Writer: Alex Paknadel
Artist: John Le
Letterer: Aditya Bidikar
Sensitivity Reader: Danny Lore
The fourth issue of Giga does something that I do like to see comic books tackling – faith and the consequences of what you believe. Here we have questions about how far, and how brutally that belief causes people to act. The moral lines are very blurred and the good guys are not perhaps as far removed from the bad guys as they’d like to think.
In other words there’s a lot here to make you think.
When last we left Evan he had met Akio once more. Here we get some flashbacks to the time post explosion from the first issue. I really like seeing the background fleshed out in this way as we see how the characters’ pasts led them to the point where they are now. Evan helped Akio escape but he’s not glad to see her back now.
Akio has created a movement and she claims she never meant to create a religion but despite her protests you can see the clear parallels between what she’s created and the Order, the religion she’s trying to bring down. Not to say the established Order isn’t brutal, it is, but Akio is not without inhumanity either.
In the middle is Evan who is perhaps the moral centre. He asks questions, he’s finding his own path but that path is not quite intersecting with Akio’s. She has repaired Laurel but Evan is right to suspect ulterior motives.
The art remains a really strong part of the story. There’s a brutal scene of an innocent man being gunned down which reveals the horror slowly. Seeing him collapse from his wound before he pleads for his life has a real impact. His death will become important later as it serves as a catalyst for the more militaristic dusters to take revenge. It really helps that we have a connection to him, however brief, when there is that later moment.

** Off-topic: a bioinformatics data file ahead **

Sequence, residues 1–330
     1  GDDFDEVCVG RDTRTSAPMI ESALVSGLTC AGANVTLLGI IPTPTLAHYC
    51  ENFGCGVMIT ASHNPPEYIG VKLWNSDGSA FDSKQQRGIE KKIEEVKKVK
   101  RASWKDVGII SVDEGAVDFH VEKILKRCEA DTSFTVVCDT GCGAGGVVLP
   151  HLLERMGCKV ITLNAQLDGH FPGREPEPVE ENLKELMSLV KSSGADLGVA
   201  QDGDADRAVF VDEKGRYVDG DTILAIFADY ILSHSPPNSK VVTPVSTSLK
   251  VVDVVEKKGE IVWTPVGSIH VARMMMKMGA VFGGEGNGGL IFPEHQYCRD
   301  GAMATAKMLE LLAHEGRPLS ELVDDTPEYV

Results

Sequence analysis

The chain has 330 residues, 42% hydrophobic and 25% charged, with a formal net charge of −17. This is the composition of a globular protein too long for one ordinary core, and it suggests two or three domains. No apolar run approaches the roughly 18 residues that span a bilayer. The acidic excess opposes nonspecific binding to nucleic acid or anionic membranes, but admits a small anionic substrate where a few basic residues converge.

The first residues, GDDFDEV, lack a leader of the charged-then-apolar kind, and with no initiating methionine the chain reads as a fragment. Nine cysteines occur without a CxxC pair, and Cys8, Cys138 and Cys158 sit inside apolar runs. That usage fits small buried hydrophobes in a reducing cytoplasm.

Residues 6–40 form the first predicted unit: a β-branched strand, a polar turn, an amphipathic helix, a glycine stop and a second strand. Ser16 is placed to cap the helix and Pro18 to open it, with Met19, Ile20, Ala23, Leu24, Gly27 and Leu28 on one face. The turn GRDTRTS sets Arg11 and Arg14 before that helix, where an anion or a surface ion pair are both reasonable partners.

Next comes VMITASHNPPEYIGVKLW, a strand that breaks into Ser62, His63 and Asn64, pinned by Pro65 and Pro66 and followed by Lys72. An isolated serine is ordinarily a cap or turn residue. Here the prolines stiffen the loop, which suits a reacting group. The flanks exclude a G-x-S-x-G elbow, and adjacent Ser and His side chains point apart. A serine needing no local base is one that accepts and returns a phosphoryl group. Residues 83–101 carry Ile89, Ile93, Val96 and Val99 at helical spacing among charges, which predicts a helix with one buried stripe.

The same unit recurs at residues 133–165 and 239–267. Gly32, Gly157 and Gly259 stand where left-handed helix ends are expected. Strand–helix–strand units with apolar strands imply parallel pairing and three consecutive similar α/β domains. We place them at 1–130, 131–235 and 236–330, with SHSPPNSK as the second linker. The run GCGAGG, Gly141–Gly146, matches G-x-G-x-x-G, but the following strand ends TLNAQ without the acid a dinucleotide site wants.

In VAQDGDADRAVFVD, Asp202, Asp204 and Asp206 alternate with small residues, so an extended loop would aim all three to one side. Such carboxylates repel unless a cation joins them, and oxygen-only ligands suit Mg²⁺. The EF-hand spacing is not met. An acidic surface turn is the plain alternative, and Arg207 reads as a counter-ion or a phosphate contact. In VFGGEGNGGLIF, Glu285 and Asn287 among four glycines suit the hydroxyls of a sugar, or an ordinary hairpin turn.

There’s another great page where we see the duster military command around a table which is just a great visual depiction of their debate. It’s hard to pick out individuals as we see the perspective as if looking from above. It’s a really clever way of showing the debate between the military command and very effective. It underlines that they are perhaps further removed from farmers than they would like to admit.
Those are just single moments I can pick out. Overall the Giga’s remain impressive, so does the contrast between the cities and the land beyond. It feels very much like a full world that’s been created. Yet the vastness of the art with the world building is also complimented by panels of more intimate character moments and angles.
By the end of this issue we know what Akio’s plan is but there’s still some real concern for Evan and Laurel. There’s a lot of different elements moving together. Mason has also chosen a side and attacks are going to come from several different sides.
As I said this book really made me think in the best ways with great art. Not much more I can ask for.